lement in Grant's purposes. To this end, on the 26th of May, Hunter was directed to move down the Shenandoah Valley to Lynchburg, cut the canal, and return over the Lynchburg branch of the Virginia Central to Charlottesville, where it was expected From prisoners Sheridan learned that Hunter, instead of coming toward Charlottesville, was near Lexington, moving upon Lynchburg; that Ewell's corps was on its way to Lynchburg; and that Map of the battle of Trevilian Station. For Sheridan's roLynchburg; and that Map of the battle of Trevilian Station. For Sheridan's route during the raid, see map, P. 190. Breckinridge was at Gordonsville. This information was false. It is now known that Breckinridge had moved on Lynchburg.--T. F. R. He concluded, therefore, to return. During the night of the 12th the coLynchburg.--T. F. R. He concluded, therefore, to return. During the night of the 12th the command moved back, recrossed the North Anna at Carpenter's Ford, unsaddled the horses and turned them out to graze; the poor animals had been without food for two days. The enemy came in sight but once during the entire march to West Point on the Yor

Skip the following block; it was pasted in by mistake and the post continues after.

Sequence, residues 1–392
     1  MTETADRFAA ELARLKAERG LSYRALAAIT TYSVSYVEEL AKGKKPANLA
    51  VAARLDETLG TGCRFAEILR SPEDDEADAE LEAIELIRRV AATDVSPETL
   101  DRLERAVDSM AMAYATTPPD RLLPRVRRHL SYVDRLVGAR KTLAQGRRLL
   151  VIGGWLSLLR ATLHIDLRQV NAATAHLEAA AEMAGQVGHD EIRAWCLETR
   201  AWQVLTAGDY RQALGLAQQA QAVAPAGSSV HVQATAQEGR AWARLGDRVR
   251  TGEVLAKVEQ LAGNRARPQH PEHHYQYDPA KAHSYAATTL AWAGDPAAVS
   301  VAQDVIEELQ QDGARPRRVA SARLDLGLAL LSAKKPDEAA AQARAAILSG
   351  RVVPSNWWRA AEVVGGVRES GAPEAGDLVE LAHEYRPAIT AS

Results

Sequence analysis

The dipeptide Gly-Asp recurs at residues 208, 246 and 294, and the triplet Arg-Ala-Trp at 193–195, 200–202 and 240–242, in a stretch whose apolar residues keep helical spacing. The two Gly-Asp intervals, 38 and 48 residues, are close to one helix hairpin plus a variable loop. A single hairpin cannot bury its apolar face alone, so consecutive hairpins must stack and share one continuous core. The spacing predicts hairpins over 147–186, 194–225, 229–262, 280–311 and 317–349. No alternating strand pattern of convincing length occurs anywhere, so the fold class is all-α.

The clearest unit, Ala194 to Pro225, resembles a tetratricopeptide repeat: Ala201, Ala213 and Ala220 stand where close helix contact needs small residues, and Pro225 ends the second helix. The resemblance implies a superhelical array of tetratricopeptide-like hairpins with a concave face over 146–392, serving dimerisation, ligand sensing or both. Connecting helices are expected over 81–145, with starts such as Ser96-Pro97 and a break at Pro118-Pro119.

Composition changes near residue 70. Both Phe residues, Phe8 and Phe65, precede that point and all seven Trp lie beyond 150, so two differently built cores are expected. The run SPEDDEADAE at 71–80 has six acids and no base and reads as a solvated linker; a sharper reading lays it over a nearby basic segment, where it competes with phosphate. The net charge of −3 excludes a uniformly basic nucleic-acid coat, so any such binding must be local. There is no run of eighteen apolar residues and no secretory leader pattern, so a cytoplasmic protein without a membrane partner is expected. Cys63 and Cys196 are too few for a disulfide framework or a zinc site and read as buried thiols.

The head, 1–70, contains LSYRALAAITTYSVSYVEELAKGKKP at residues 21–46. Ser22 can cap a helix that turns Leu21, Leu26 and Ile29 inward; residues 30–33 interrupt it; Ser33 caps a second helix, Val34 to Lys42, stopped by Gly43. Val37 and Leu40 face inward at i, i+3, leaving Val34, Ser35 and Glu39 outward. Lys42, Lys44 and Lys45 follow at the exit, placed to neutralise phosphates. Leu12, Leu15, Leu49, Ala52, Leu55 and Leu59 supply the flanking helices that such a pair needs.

Robert Underwood Johnson, Clarence Clough Buell, Battles and Leaders of the Civil War. Volume 4., The cavalry fight at Trevilian Station. (search)